Known as the Land of Enchantment, New Mexico’s unique diversity of landscapes is matched only by its population diversity, which includes nearly 50% Hispanic and 9% Native American residents.1
New Mexico has one of the largest proportions of rural residents in the country.2 However, these rural residents also experience the highest poverty rate among rural Americans.2 Bringing health care to these individuals is challenging, but efforts are being made to improve health outcomes through increased access to care and programs such as telehealth services.
At UnitedHealthcare, we are working to continue to build on telehealth delivery, support standard screenings and data sharing, and maximize the medical loss ratio to reduce social risk factors. The statistics you’ll read here affect New Mexico’s overall population health, yet they represent significant opportunities for managed care organizations to make an impact on social drivers of health.
New Mexico’s youngest residents need better health outcomes.
75% of all New Mexican births are covered by Medicaid. We can influence health for both people who are pregnant and infants by building on and improving prenatal, perinatal, and postpartum Medicaid services. The percentage of New Mexico births in which the patient received no prenatal care or a low level of prenatal care increased in 2017 to 16.0% from 15.1% in 2016.1 Parents younger than 20 years of age received the lowest level of prenatal care.1
Ranking sixth-highest in teen births nationwide, New Mexico also ties for the sixth-lowest average birth weight.3 And the percentage of infants with low birth weight has been increasing, rising from 8.7% in 2015 to an astonishing 9.5% just two years later.1 These infants stand to benefit from the support that managed care can provide.
New parents need more support, too.
The mortality rate for pregnant individuals in New Mexico averages 26 per 100,000 births.4 To address this, the state has expanded postpartum coverage up to one year, ensuring access to crucial services and supports that may help to reduce the mortality rate. We’re also encouraging the state to cover doula care and to provide more support for members who live in rural communities.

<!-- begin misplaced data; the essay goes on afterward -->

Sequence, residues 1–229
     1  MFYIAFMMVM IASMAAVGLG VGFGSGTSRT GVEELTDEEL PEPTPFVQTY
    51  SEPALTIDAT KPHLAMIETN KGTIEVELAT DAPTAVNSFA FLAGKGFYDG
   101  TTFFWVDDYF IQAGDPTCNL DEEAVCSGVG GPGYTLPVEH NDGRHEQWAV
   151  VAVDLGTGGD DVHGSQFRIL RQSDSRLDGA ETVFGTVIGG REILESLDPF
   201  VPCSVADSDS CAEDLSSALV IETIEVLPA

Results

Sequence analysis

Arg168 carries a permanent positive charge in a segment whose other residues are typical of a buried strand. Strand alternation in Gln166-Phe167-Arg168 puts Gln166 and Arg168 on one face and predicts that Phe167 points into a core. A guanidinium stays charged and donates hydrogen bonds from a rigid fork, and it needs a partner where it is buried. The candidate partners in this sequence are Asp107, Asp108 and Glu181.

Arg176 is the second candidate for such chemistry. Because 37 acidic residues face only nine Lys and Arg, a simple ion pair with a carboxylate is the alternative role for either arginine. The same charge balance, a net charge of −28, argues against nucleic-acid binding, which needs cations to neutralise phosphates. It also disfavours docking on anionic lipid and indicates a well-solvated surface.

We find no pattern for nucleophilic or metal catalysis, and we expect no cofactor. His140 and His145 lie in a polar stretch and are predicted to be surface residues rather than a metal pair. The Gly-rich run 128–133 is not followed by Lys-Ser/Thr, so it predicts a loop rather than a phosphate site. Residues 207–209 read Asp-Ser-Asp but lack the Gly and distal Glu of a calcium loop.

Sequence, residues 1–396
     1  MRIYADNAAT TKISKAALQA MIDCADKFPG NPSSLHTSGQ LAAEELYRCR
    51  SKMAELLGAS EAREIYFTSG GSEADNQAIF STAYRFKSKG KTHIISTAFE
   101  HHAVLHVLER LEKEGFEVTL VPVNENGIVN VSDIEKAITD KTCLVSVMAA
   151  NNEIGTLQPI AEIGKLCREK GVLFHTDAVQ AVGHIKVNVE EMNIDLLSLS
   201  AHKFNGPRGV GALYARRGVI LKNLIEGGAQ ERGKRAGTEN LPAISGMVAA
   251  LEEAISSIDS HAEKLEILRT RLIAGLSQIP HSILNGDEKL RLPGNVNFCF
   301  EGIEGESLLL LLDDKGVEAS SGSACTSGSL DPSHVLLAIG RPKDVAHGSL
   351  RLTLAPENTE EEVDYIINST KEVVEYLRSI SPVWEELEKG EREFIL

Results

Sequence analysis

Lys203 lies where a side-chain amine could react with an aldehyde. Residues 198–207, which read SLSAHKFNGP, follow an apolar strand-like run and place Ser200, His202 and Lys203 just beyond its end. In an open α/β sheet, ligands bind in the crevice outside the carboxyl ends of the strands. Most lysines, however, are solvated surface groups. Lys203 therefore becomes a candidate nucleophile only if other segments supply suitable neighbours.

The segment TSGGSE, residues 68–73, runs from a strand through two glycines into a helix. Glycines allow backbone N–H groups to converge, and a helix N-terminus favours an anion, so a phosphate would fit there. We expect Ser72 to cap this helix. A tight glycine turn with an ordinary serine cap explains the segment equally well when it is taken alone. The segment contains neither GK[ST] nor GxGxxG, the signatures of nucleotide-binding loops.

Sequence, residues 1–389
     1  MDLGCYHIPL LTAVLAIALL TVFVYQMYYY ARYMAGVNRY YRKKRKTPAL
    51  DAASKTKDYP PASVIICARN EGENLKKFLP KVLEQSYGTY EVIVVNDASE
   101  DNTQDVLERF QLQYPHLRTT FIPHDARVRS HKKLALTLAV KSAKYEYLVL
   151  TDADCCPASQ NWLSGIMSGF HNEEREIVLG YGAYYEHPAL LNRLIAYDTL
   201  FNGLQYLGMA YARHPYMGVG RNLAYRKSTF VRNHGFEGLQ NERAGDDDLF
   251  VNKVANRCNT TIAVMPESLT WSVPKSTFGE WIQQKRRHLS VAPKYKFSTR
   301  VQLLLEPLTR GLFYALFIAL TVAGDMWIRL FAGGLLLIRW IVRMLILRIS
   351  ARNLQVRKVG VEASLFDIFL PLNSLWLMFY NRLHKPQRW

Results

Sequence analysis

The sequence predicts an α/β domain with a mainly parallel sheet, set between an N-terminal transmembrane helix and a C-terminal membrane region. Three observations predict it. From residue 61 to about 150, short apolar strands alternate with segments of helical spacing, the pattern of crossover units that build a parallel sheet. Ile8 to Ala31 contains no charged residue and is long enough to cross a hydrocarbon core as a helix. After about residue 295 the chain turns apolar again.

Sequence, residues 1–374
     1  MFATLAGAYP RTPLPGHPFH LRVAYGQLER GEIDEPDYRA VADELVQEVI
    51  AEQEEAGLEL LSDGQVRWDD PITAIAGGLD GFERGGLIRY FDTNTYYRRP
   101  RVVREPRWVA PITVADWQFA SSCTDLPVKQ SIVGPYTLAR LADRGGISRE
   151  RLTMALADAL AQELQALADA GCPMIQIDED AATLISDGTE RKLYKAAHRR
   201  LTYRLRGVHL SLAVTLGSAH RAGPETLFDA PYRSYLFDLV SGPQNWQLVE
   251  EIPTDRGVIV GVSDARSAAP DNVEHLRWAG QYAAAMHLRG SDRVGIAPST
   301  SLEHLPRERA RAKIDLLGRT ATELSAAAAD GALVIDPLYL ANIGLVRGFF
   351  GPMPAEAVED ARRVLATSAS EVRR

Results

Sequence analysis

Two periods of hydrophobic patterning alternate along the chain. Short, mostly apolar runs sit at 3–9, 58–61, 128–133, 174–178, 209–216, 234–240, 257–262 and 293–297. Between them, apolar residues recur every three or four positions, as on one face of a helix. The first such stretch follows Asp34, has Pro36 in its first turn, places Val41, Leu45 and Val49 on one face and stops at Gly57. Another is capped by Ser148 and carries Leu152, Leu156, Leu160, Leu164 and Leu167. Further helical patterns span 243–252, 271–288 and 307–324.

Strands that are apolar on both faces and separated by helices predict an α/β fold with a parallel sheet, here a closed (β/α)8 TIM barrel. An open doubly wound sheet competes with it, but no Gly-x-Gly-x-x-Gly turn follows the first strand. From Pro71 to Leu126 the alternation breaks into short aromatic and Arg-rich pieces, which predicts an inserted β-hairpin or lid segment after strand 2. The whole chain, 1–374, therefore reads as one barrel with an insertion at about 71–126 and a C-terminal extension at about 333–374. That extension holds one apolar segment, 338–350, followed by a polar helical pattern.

It takes a village to improve health.
We’re innovating in the area of care delivery across the state of New Mexico for people who need services ranging from perinatal care to behavioral health care. New Mexico’s challenges represent tremendous opportunity to support innovations in the delivery of care.
Another way we work to improve health outcomes is through the partnerships we’ve built with community organizations. These organizations understand the specific health challenges of the residents as well as other key social drivers of health, and they can provide unique insight into the best ways to deliver care for the biggest health challenges New Mexicans face.
Changing the New Mexico health landscape through collaboration.
New Mexico represents a great opportunity to make a difference through managed care and the customized supports that can be developed through collaboration with community organizations. We’re working to make New Mexico a healthier state.
- State Center for Health Statistics, 2017. New Mexico Selected Health Statistics Annual Report 2017. Santa Fe: Bureau of Vital Records and Health Statistics, Epidemiology and Response Division, p.3.
- Reagan S. Rural NM has the highest poverty rate among all states’ rural areas. Bizjournals.com. https://www.bizjournals.com/albuquerque/news/2016/12/09/rural-nm-has-the-highest-poverty-rate-among-all.html. Published 2016. Accessed September 25, 2022. Opens in a new window
- Center for Health Statistics: Stats of the State of New Mexico. Centers for Disease Control and Prevention. https://www.cdc.gov/nchs/pressroom/states/newmexico/newmexico.htm. Published 2018. Accessed September 25, 2022. Opens in a new window
- State Center for Health Statistics, 2017. New Mexico Selected Health Statistics Annual Report 2017. Santa Fe: Bureau of Vital Records and Health Statistics, Epidemiology and Response Division, p.45.